As we all seem to be agreeing with: there's no implicitly-applied conversions in Haskell. In fact the typeclass mechanism (which is behind what's going on) was precisely to avoid the ad-hoc treatment of numeric types and equality/comparison in other Functional Languages of the time (1989). The designers wanted a principled way to deliver RM Pre 22 (in effect): some types support arithmetic, some types support comparisons, some types support equality-testing (always of values, not pointers nor object identities), some don't (you can't equality-test two functions, even though functions are first-class values/can be assigned to a variable/passed as an argument/result from a function invocation/etc). If you construct a type from equality-testable components, then the struct is equality-testable, and the compiler can generate the overloading for the == operator.

Oh, to come back to where this threadlet started: Haskell has no Inheritance/hierarchy of types, not even widths of integer. You must explicitly cast an int32 to int64 if you want to add/compare values of those types.

Haskell does have inheritance/hierarchy of typeclasses (that is, of overloadable behaviour/operations): all types declared as numeric must already be declared as comparable; all types declared as comparable must already be declared as equality-testable.

Quote from dandl on October 13, 2019, 11:49 pm

However, Java allows you to do value comparisons using the equals method. The comparison new Integer(3).equals(new String("blah")) is statically valid and returns false. The comparison new Integer(3).equals(new Integer(3)) returns true.

The vast majority of non-foundational Java classes, however, immediately check whether the two arguments of equalshave the exact same type and return false if they don't.  The general appearance of a modern Java equals method of class Foo is this:

<horrible code omitted>

And you don't see this as 'funky and difficult'?

It's perhaps verbose, but it's clear that all exceptional cases return false. An alternative is to ignore the exceptional cases and let the code throw exceptions. In other words, just do this:

@Override
public boolean equals(Object o) {
    Foo foo = (Foo) o;
    // field comparison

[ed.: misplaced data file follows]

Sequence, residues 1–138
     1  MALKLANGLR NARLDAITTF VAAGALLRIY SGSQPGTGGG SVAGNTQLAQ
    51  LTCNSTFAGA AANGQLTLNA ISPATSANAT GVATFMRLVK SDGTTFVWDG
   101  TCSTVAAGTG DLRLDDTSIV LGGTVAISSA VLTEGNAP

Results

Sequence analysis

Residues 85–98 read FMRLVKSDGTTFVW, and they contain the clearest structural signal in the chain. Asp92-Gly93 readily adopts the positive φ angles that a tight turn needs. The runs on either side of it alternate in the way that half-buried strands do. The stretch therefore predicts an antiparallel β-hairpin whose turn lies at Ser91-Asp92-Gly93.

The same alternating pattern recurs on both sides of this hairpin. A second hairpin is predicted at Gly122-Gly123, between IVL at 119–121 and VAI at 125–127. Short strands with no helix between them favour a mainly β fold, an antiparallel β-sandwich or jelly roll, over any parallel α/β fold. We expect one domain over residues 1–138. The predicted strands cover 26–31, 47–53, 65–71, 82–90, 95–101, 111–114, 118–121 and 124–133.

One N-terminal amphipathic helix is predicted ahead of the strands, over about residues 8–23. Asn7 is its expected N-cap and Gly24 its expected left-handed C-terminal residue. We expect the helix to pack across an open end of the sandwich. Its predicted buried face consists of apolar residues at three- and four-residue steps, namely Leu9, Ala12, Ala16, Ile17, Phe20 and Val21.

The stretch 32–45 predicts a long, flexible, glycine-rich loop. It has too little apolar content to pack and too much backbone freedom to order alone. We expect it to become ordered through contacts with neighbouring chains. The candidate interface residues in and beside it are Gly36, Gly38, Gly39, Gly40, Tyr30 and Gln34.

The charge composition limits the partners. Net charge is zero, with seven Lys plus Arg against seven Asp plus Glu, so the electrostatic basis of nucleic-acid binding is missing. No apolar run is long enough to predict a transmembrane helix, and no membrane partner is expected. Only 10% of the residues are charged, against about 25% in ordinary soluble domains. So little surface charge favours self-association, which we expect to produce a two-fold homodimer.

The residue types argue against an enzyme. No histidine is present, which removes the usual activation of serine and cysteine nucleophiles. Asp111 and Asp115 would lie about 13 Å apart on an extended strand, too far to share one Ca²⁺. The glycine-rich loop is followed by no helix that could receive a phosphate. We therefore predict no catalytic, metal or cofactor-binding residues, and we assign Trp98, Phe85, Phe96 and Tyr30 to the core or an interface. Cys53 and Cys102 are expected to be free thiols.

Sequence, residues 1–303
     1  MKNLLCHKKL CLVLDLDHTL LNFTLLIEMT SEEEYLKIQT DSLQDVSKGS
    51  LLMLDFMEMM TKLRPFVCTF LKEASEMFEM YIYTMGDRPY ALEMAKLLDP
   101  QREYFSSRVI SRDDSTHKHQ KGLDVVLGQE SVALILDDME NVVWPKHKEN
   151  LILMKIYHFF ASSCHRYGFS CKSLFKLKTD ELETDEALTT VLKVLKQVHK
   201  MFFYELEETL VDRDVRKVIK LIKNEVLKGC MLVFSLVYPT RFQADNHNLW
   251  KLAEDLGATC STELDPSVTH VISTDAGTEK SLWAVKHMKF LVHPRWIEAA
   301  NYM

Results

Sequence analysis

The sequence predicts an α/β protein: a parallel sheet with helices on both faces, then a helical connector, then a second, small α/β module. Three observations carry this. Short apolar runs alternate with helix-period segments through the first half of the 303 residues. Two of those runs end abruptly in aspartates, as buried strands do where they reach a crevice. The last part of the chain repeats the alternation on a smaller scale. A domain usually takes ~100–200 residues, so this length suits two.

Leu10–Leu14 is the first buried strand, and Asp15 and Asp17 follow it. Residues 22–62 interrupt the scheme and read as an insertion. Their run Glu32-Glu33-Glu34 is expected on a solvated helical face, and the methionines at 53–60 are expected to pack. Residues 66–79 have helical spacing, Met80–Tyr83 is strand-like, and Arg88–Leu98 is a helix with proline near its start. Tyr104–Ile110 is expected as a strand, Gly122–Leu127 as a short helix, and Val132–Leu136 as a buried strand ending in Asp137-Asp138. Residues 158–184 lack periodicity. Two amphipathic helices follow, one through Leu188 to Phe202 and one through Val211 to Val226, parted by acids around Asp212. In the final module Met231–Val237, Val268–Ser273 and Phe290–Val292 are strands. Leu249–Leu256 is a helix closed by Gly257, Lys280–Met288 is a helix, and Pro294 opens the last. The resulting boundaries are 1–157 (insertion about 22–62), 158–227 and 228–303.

return <some boolean expression performing the actual equality test>;
}

Type mismatches will throw an exception on the attempt to cast to Foo. A null parameter will throw relevant exceptions in the field comparison. Testing the parameter for equality with this should still return true per the equality test, but less efficiently. Etc.

I make no comment on which is better or worse.

I'm the forum administrator and lead developer of Rel. Email me at dave@armchair.mb.ca with the Subject 'TTM Forum'. Download Rel from https://reldb.org
Quote from AntC on October 14, 2019, 4:21 am
Quote from Dave Voorhis on October 13, 2019, 7:42 pm
Quote from johnwcowan on October 13, 2019, 6:52 pm
Quote from Dave Voorhis on October 13, 2019, 5:53 pm

 

Sorry, I should have been clearer. I object to implicitly-applied conversions.

Okay, clear enough.  In languages with multiple sizes/precisions of numbers, though, I think Go's treatment of numeric literals is good: they pick up their type from the context, so both var i int32 = 30 and var j int64 = 30 and even var k float64 = 30 are all valid.  Otherwise you have to have separate literal markers for eight kinds of integers and two kinds of floats.

That seems reasonable, as there's nothing hidden.

Though if the Go designers had instead decided to provide literal markers for eight kinds of integers and two kinds of floats, that would be fine.

Using literal markers doesn't scale: how about complex numbers built over the eight+two numeric kinds? How about matrices built over them? How about matrices of complexes? By "how about" (before I get accused of how-aboutism) I mean: how do you integrate literals of those types into the language; how do you overload arithmetic operators?

Literal markers scale as far as is needed. In languages that use them, a given literal denotes a value of a specific primitive type. E.g., 3 denotes an int, 3L denotes a long, 0.3 denotes a double, 0.3F denotes a float, etc.

All other types are composed of primitive types.

I'm the forum administrator and lead developer of Rel. Email me at dave@armchair.mb.ca with the Subject 'TTM Forum'. Download Rel from https://reldb.org
Quote from Dave Voorhis on October 13, 2019, 11:22 am
Quote from dandl on October 12, 2019, 11:43 pm
Quote from Brian S on October 12, 2019, 5:38 pm

The TTM definition poses some problems--especially when combined with the IM.  For instance:

ODD: INT | (X \ 2) * 2 != X

EVEN: INT | (X \ 2) * 2 == X

P {A ODD, B EVEN}, Q{A EVEN, B ODD}, R{A INT, B INT}

The comparison P == Q must valid under the IM, because the empty relation {A INT, B INT}{} can be assigned to all three of the relation variables.